A Virus Without Borders: The Design of Public Health, Inequality, and Hope

80 minutes

Produced in collaboration with Experience by Design.  We are witnessing a moment in our lifetimes that we will hopefully never see again. The world is gripped in a pandemic of a scale unseen for a  century. Beyond the human toll, we are seeing how healthcare systems  people once had trust in crumble before their eyes. In this episode,  Adam and Gary talk with Shelley White and Meenakshi Verma-Agrawal of the  Simmons University Masters of Public Health program on what we learn  from this moment, and how we can design a more inclusive healthcare  system.

Shelley White is an Assistant Professor of Public Health and Sociology, and Program Director of the Master of Public Health.

Meenakshi Verma-Agrawal is the Assistant Program Director and Associate Professor of Practice at MPH@Simmons.

What  a difference a week makes. Or does it? With the expanding pandemic of COVID-19 disrupting more lives, many here in the United States might  feel caught off guard, or that things have changed to rapidly. Now  health care is a constant concern.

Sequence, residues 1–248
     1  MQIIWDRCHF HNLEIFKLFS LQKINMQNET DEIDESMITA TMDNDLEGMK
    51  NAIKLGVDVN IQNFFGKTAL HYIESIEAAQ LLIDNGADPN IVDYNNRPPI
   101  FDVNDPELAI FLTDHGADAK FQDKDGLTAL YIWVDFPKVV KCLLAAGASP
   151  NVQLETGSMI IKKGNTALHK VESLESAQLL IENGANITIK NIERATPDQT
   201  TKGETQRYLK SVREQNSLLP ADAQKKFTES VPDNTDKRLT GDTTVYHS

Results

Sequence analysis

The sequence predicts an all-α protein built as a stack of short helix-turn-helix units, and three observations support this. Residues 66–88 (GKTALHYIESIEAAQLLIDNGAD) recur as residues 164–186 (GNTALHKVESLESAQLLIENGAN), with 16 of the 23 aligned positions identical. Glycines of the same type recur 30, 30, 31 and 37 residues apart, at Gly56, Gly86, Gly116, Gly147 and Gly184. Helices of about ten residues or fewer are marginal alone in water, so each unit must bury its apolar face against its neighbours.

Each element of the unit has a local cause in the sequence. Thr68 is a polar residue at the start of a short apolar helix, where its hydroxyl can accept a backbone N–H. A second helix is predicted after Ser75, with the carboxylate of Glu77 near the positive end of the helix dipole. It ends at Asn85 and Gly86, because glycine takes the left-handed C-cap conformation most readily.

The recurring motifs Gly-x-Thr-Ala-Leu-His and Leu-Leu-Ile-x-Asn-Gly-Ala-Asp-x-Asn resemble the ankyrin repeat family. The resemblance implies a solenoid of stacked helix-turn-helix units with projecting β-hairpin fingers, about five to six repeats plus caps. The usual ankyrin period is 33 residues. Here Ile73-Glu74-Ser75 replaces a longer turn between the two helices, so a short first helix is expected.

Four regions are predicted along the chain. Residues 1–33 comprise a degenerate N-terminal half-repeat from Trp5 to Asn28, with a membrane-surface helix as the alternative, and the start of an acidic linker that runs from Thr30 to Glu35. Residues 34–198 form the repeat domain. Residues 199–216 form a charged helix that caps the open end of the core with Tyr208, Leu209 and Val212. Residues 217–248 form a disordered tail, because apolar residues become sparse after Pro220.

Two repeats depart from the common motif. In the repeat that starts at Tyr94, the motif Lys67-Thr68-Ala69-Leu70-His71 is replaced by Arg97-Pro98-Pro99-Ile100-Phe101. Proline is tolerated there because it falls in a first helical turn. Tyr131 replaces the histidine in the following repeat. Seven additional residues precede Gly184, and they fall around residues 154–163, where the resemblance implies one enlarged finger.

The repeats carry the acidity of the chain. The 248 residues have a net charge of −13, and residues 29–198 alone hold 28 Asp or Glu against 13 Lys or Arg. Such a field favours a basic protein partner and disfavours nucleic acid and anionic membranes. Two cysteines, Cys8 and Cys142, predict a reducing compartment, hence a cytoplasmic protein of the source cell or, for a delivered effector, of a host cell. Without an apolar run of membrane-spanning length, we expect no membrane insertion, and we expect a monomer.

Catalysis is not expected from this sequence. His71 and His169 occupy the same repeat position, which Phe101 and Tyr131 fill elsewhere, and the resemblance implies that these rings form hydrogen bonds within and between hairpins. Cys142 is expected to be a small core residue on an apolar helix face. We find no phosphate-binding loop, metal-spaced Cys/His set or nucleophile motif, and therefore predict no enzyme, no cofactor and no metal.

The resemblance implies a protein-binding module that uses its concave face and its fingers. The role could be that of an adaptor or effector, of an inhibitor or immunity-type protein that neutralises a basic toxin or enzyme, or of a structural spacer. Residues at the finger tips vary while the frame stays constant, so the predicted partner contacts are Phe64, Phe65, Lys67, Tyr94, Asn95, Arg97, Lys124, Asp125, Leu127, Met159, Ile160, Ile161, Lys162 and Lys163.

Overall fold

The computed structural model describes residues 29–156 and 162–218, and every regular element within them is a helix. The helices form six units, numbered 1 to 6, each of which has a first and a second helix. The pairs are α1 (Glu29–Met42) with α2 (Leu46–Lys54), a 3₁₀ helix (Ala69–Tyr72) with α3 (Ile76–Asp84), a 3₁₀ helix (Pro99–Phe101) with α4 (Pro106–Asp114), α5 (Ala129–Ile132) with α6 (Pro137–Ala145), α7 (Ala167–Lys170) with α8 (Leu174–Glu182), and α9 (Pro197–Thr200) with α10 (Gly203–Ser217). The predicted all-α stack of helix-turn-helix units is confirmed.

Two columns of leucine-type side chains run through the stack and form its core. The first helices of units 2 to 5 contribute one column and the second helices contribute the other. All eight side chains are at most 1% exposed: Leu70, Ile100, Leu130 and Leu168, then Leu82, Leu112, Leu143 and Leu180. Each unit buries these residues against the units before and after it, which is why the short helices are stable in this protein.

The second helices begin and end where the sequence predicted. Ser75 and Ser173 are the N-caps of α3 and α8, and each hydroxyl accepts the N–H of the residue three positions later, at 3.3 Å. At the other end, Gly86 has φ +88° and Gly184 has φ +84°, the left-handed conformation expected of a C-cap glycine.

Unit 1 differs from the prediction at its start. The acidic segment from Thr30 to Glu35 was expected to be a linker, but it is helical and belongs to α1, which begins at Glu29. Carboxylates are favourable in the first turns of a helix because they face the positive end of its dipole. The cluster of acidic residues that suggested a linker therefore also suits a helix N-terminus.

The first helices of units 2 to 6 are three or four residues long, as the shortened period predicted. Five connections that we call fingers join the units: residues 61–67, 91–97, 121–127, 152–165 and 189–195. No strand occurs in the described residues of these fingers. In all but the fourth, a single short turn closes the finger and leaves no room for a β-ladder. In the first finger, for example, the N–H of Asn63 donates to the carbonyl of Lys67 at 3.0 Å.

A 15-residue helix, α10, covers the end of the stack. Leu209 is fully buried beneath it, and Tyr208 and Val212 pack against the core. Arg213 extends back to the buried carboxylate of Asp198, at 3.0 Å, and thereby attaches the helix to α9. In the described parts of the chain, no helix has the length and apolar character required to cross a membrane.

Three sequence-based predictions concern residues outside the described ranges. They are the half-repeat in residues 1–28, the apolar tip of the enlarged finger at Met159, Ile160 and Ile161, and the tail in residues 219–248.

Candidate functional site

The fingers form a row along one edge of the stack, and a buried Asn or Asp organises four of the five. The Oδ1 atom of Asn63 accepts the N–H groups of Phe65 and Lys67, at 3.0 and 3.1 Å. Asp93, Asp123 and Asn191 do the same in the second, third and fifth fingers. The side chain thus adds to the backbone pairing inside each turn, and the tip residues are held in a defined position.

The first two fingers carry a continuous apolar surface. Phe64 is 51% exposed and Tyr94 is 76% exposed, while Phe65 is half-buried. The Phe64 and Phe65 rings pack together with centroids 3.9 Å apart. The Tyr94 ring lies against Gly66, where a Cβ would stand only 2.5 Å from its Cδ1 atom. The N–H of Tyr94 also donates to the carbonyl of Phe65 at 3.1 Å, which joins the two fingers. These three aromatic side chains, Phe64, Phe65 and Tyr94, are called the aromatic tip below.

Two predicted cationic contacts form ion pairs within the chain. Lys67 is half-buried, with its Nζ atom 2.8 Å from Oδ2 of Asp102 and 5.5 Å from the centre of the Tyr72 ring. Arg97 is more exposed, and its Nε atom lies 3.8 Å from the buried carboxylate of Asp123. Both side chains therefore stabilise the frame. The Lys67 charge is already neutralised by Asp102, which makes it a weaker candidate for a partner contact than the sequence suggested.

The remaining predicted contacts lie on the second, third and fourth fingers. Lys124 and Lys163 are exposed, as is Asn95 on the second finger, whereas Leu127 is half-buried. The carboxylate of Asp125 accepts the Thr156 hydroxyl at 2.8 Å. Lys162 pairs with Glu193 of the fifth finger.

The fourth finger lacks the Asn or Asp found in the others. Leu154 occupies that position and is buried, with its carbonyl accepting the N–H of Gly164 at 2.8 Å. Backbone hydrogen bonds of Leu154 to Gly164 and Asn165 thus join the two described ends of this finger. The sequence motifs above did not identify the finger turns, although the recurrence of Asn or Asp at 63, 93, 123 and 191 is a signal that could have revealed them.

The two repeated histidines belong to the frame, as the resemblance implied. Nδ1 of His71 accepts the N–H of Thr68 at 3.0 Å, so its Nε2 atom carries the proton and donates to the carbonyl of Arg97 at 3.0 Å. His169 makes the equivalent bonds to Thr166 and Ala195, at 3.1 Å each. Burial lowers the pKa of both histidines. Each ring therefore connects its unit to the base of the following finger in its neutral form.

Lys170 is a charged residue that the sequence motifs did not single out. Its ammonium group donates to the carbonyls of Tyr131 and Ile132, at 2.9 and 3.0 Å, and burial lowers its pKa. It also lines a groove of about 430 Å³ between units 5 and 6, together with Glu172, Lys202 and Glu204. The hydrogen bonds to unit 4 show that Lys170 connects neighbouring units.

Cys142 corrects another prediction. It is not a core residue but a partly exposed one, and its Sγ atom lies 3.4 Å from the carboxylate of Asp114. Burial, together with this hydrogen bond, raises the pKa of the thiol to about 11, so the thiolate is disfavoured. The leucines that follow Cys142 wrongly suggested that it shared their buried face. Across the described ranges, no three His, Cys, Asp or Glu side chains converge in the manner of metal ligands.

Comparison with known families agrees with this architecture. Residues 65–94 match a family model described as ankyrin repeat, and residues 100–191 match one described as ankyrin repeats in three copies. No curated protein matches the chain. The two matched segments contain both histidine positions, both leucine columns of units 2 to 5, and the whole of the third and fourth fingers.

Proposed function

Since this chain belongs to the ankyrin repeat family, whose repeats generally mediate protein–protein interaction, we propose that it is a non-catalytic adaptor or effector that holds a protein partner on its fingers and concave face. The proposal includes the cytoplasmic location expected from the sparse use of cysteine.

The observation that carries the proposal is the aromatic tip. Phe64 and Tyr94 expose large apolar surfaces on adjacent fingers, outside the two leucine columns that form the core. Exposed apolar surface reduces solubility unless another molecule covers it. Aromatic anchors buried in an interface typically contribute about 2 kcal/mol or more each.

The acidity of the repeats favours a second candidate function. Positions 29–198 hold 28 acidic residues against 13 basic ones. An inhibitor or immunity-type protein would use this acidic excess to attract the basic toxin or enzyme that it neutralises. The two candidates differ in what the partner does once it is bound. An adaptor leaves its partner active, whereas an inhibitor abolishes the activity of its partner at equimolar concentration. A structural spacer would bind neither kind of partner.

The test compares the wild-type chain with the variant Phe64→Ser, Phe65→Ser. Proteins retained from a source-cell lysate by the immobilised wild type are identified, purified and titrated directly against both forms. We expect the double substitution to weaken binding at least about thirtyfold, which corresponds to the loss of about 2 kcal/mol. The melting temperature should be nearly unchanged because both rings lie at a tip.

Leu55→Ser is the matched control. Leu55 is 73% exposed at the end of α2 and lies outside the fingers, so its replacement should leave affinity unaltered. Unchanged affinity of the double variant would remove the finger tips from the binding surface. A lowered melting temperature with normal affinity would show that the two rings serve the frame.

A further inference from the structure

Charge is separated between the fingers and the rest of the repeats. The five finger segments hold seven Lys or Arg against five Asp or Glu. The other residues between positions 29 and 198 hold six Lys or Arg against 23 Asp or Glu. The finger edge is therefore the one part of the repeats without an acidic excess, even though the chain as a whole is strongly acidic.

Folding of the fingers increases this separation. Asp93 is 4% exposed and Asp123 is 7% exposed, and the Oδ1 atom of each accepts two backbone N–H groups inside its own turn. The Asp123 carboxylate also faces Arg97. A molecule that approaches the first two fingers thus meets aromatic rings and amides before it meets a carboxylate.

What Shelley White and  Meenakshi Verma-Agrawal help us put in perspective is that even though  we can all get sick, public health and care has always been political,  and who has access to care, and even what diagnoses one gets, have been  deeply tied to class, race, ethnicity and other socioeconomic  classifications. Public health, in fact, is designed. Moments of  pandemic, where a virus crosses borders and bodies with no care for the  social structures we’ve erected, brings to light the radically unequal  way our public health systems are designed. For middle class families  who find themselves for the first time concerned about the lack of  available health care or beds at a hospital, must now contend with the  fact that this is a common reality for many poorer communities and  communities of color.

But moments of crisis like this are also  moments of hope. As Dr. White notes in the conversation, we have to  remember that there are more people who seek equity and change than  those who benefit from the status quo. What's radical is to acknowledge  the racial, social, and economic injustices that frame our public health  system and to then set about to change those inequities for a more just  world.

  • covid-19
  • public health
  • healthcare design
  • experience design
  • health inequalities
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